Make your way past the swimming plesiosaur and the soaring pterosaur, around the corner and you will find a two-tone green creation with lots of spikes and the cutest reptilian face you’ve ever seen. Here, is the Polacanthus.
How big? The Polacanthus could grow to be between four and five metres in length. That’s about two fully grown grizzly bears standing nose to tail.
How did it walk? On four legs.
What did it eat? Polacanthus was herbivorous, meaning it ate plants. It came from a group of dinosaurs that had lots of (ironically) leaf-shaped teeth, to cut through the vegetation.
What does its name mean? The name Polacanthus means ‘many spines’ in Ancient Greek, which refers to its exciting array of armour.
What type of dinosaur was Polacanthus?
Polacanthus was a type of armoured dinosaur, and it sits within the group Ankylosauria. Probably the most famous dinosaur of this type is the group’s namesake Ankylosaurus. Ankylosaurus was slightly larger than Polacanthus and had a huge club on the end of its tail. You’ll have met Ankylosaurus if you’ve seen the epic film, Jurassic World. There is also a miniature one in Brick Dinos.
The ‘armour’ on dinosaurs like Ankylosaurus and Polacanthus was formed of bone. This was either plates within the skin or extra types of ornamentation (sticky-outy-bits) like horns on the head or spikes along the flanks.
As you can see in Brick Dinos, Polacanthus has spikes of different sizes along its back and sides. It also had a huge plate of bone across its hips, called a ‘pelvic shield’. This would have looked like a partial turtle shell!
The purpose of the armour in these dinosaurs is thought to be protection. We know that herbivores were preyed upon by carnivores. Several fossil specimens of different species have been found with puncture marks in them from teeth, showing direct evidence for battles of life and death.
When did Polacanthus live?
Polacanthus lived 125 million years ago, during a part of the Mesozoic Era called the Cretaceous Period. The Cretaceous Period is the one that came straight after the Jurassic – as in the famous film and book Jurassic Park. It ended in the mass extinction that (sadly!) ended the ‘reign of reptiles’, ie the non-bird dinosaurs.
Polacanthus was first described in 1881 by John Whitaker Hulke, using a specimen known as a ‘holotype’. Holotype refers to the first specimen that is described under a new name. The specimen he described is held in the collections of the Natural History Museum in South Kensington, London.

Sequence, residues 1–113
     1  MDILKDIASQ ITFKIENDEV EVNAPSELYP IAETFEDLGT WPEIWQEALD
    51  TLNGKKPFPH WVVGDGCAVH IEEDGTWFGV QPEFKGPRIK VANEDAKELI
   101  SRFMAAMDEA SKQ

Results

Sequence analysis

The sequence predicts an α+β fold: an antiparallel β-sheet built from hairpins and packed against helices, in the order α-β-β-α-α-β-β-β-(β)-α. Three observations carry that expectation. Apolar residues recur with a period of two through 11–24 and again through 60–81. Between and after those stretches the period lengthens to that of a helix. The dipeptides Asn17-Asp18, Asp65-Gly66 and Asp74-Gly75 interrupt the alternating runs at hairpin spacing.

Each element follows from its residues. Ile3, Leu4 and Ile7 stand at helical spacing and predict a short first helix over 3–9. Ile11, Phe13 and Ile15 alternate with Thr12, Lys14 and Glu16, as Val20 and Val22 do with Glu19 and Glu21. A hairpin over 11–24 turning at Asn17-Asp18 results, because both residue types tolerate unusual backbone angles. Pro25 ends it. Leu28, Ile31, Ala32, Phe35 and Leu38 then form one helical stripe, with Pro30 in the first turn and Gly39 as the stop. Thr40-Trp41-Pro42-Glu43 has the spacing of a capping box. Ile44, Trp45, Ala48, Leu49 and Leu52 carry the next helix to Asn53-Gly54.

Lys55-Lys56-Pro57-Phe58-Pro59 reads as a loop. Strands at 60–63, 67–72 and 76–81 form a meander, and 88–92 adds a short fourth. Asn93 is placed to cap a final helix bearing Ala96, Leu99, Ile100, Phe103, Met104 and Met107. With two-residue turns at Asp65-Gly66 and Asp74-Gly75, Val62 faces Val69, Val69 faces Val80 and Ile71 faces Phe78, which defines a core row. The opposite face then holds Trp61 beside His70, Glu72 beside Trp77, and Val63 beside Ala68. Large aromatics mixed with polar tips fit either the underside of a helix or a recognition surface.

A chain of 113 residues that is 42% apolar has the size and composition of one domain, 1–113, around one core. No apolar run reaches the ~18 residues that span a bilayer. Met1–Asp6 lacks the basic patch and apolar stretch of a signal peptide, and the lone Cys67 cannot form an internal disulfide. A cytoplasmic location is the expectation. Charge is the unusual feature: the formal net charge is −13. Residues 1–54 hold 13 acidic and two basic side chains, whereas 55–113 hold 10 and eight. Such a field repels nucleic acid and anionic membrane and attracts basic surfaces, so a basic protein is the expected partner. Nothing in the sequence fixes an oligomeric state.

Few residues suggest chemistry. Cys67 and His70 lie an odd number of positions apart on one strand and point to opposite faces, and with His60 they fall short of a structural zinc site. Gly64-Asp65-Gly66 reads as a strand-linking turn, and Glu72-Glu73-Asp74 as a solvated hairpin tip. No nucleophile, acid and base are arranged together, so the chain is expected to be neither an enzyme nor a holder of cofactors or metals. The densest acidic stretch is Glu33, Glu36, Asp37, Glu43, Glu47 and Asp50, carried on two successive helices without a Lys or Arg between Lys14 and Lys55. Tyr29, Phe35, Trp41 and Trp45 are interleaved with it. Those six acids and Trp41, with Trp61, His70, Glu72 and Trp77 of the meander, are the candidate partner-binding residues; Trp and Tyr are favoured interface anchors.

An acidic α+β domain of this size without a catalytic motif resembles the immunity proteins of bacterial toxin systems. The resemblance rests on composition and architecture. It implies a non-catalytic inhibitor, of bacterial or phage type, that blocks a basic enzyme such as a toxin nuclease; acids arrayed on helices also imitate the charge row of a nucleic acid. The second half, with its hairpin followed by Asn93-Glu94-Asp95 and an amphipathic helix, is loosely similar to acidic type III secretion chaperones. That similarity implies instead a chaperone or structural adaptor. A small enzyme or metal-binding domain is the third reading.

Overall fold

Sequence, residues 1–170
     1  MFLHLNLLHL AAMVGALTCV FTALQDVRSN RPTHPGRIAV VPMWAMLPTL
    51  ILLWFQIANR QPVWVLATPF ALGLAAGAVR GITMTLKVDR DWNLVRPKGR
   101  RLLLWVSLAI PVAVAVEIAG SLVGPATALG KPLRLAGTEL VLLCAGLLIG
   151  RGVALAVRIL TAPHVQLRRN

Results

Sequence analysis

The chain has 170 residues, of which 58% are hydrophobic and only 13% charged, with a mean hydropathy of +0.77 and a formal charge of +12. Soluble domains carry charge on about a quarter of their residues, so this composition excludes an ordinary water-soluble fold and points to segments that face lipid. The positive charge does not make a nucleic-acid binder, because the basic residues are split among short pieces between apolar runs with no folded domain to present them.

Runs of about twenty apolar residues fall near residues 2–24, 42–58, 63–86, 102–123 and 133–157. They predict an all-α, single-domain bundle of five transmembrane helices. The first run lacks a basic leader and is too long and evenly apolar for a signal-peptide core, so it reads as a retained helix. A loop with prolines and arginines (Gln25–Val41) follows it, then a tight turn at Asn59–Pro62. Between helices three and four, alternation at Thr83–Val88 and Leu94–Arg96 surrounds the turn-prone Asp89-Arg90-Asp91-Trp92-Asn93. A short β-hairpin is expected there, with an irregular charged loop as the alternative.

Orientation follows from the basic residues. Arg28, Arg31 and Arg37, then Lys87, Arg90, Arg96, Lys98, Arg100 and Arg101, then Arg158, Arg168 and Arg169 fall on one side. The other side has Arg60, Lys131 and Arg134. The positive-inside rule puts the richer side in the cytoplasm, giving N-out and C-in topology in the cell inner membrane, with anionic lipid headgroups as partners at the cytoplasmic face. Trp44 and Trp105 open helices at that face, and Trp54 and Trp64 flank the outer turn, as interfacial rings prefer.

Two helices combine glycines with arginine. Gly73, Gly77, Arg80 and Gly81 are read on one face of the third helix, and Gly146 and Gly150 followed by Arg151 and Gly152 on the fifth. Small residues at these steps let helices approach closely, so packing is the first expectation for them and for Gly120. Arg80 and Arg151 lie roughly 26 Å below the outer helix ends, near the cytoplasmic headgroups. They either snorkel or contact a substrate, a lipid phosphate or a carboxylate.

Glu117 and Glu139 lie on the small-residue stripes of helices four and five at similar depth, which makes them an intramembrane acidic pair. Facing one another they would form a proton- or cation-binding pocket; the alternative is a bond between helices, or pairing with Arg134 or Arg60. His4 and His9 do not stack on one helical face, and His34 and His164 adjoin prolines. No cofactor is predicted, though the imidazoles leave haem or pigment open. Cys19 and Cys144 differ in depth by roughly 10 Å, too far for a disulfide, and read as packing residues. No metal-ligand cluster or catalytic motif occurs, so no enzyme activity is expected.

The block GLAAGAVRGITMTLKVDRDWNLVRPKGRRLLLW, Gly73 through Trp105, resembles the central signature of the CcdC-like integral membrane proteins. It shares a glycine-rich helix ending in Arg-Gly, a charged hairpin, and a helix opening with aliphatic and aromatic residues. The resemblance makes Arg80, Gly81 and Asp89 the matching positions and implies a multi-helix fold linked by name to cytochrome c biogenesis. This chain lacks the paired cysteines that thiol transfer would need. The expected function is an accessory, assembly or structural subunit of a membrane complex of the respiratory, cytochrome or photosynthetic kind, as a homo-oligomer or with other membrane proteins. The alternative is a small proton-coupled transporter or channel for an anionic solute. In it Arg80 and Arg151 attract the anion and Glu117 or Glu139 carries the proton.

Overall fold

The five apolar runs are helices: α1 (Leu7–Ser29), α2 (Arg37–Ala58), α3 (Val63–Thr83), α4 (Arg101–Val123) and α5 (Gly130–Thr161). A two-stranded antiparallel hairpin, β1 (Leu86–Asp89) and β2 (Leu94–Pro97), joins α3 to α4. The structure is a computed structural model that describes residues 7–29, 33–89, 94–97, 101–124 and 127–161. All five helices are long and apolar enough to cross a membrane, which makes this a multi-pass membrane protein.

Where did Polacanthus live?
Polacanthus is only known from England, with many of the specimens hailing from the Isle of Wight. The Isle of Wight is a fantastic place to find dinosaur fossils, and a number of different species have been discovered there, from herbivores like Polacanthus and Iguanodon to Eotyrannus (related to Tyrannosaurus) and the gigantic Spinosaurus, which is the largest known predator known across Europe.
Were there different types of Polacanthus?
Scientists believe that there is only one species of Polacanthus, called Polacanthus foxii (Polacanthus is the genus and foxii is the species). In the past, many species were named and put in the genus of Polacanthus. They have since been moved to other groups, or found to be the same species as Polacanthus foxii.
The reason for the confusion is that when we find dinosaur skeletons they are very rarely complete. Most often we just find the odd bone or a small group of bones. This means that palaeontologists – the scientists that study prehistoric life – are often trying to decide what animal a fossil belonged to without being able to see the whole animal. It’s a bit like trying to work out what the picture on a 1000 piece jigsaw is, when you only have five puzzle pieces and no box!
If more fossils are discovered of the same species, it helps palaeontologists to piece together the whole animal. Fossils that were discovered years, decades, or even over a century ago, can be re-studied and compared to more recently found fossils. This means that new information on these ‘old bones’ can come to light. This is just one of the many things that makes being a scientist exciting!
I hope you enjoy the Brick Dinos exhibition as much as me (which is a lot!). Once you’re done, perhaps you can see what other dinosaurs and fossils you can find throughout the Museum